Contracting parties may stipulate in the agreement by what law it will be governed. It is not possible thereby to exclude provisions of Dutch law that are considered of public order, such as certain aspects of landlord and tenant law.
A bank guarantee is a separate agreement that does not form part of the agreement on the basis of which the bank guarantee is issued. If the parties do not wish the bank guarantee to be governed by the law of the country in which the bank is domiciled, it is advisable to include a choice of law clause. In that case it is also advisable to choose an address for service.
Standard contracts are widely used and accepted as basis for negotiating commercial and legal terms, to a larger extent than what is common internationally. The contracts will more or less reflect market standard regulations, and are updated approximately every second year, due to changes in the legal framework and for incorporation of new market signals. There are standard contracts for both direct acquisition of real estate (asset deals), and for share purchase agreement for share deals of real estate companies. Separate standard contracts for the Norwegian private limited liability company and other company structures that are common in Norway have been developed. Various contract standards for lease agreements have also been prepared, such as for lease of new/used premises, lease of new/used buildings and triple-net lease contracts. For more complex development projects, there is an extended version of the lease contract containing a process for variety orders that is linked to the construction contract.
Compared to international standards for share purchase agreements and lease agreements, Norwegian standard contracts may be considered as quite short and with provisions that seem to open up for discretionary judgement. The background law will supplement the contracts and must be taken into account in order to identify the parties` legal positions. Furthermore, the market practice may be considered more based on an assumption of fair treatment and loyal co-operation than what is common in many other countries. Foreign investors therefore often point out the lack of specification and foreseeability in the wording of the contracts. However, there is a recent development of the Norwegian contracts, where the contracts at least to a certain extent are adopting typical regulations from international lease and M&A agreements.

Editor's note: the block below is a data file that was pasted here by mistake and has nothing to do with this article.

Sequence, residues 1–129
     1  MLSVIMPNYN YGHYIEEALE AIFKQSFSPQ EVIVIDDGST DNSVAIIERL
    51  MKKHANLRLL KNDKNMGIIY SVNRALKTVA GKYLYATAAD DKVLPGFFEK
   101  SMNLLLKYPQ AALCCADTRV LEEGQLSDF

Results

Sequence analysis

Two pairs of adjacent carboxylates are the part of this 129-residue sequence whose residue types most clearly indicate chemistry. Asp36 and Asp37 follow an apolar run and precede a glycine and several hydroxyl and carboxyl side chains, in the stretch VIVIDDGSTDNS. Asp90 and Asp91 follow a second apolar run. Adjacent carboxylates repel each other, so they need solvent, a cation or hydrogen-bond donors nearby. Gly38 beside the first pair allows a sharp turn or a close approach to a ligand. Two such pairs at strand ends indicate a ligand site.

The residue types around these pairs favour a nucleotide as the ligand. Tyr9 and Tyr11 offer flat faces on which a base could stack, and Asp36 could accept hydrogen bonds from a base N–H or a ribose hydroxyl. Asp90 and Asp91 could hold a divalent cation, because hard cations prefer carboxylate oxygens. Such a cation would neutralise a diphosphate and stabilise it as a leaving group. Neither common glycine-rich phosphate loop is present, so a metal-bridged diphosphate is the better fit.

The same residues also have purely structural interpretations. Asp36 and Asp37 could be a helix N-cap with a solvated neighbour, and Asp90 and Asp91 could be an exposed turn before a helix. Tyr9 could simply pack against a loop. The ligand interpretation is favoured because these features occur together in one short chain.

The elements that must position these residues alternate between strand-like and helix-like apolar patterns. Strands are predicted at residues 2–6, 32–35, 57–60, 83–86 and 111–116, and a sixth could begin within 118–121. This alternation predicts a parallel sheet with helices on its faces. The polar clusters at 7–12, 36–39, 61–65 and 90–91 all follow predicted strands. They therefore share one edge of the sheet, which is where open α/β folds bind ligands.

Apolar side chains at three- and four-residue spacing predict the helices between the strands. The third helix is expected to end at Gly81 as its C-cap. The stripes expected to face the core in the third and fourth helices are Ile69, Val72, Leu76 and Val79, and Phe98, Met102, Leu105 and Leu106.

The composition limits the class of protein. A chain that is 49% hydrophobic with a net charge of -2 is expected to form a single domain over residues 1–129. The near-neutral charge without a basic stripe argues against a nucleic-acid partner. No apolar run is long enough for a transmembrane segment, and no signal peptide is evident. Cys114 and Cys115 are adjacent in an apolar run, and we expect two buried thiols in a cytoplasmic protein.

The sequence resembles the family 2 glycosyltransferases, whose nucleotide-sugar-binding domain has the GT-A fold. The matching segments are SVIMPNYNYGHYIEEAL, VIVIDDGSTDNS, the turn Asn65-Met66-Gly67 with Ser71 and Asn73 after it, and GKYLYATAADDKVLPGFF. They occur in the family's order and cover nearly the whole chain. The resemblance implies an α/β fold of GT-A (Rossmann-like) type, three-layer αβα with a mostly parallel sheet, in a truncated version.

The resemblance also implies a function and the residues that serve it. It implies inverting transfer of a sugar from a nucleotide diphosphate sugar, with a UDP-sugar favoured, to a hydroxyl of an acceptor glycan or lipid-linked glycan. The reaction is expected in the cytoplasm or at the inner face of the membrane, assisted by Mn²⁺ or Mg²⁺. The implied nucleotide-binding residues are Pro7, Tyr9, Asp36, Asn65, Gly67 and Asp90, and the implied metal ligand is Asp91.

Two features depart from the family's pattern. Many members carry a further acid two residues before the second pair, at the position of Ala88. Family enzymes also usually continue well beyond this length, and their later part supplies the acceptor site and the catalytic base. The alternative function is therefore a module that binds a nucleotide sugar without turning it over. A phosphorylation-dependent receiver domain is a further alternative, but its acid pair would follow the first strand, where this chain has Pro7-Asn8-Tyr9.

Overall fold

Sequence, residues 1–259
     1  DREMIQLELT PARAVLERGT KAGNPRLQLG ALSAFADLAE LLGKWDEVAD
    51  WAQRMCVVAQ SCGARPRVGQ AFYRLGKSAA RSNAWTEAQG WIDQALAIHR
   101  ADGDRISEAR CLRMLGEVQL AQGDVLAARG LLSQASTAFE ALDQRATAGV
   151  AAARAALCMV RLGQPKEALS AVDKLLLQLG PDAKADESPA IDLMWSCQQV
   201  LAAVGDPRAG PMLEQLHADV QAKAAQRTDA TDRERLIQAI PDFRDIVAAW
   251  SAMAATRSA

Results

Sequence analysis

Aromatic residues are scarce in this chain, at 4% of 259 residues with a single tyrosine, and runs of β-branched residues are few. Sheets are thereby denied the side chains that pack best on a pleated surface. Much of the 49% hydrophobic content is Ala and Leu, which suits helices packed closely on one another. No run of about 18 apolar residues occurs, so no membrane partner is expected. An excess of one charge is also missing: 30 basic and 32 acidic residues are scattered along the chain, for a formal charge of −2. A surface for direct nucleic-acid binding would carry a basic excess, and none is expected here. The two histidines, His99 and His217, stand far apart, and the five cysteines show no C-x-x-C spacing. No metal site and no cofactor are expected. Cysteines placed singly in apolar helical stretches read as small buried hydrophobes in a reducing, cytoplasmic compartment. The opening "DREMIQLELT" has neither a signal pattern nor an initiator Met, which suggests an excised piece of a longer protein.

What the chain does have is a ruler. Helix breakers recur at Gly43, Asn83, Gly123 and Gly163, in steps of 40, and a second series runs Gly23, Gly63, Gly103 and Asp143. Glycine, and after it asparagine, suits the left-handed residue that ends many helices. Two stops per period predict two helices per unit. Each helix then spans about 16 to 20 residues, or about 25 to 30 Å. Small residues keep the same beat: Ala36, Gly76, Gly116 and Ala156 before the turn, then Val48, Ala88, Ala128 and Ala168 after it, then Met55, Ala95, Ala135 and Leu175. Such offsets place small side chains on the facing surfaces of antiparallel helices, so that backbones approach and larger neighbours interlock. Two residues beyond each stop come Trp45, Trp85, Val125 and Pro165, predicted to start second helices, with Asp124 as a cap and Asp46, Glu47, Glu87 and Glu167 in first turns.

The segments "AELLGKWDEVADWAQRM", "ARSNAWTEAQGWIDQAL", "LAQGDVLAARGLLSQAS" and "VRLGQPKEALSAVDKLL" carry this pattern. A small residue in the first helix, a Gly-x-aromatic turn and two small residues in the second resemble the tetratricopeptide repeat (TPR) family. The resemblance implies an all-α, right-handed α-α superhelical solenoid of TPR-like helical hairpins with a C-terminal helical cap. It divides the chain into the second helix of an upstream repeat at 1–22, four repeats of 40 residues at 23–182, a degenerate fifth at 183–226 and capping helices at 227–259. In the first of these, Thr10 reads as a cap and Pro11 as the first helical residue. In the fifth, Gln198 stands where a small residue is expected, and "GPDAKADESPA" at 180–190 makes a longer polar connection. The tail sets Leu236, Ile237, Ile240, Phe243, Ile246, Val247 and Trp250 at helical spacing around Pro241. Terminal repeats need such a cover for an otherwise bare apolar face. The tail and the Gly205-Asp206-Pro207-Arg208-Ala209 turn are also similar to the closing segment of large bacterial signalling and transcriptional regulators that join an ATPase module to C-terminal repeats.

In a strict legal sense, real estate rights in Romania refer to ownership over land and/or buildings or dismemberments of such ownership (usus, ususfruct, superficies, easement rights, etc.). In a broader sense, it also refers to rights of use over land and buildings, especially in relation to housing, retail or office space leases.
Prior to 1989, the majority of real estate assets were owned by the Romanian State, having been illegally seized or expropriated en-masse by the communist regime, with significant parts of the country’s agricultural lands collectivised.
After Romania’s switch to a market economy, a turbulent time followed as state owned enterprises were privatised and individuals filed claims for restitution of collectivised lands and illegally seized assets, in a climate of constant change and interpretable legislation.
Until Romania’s accession to the EU ownership over land by foreign nationals was restricted. However since 2012 such ownership transfers were in most part liberalised in relation to citizens of EU member states. Transfer of real estate to nationals of non-EU states is still subject to conditions of reciprocity – such reciprocity still has for the most part not been implemented by instruments of international public law.
Beginning 2010 the real estate restitution process has generally settled down and a large part of Romanian real estate is now in the private domain. Such real estate is freely transferable under market conditions between Romanian and EU individuals/legal persons. The legal regime applicable to such transfers has been significantly clarified and stabilised.
- Real Estate Law and ownership is regulated at the Federal level, so applies equally in all Russian regions.
- For historical reasons, a lot of the land is publicly owned.
- Ownership title to land and buildings/ premises is recorded in the Property Registry separately.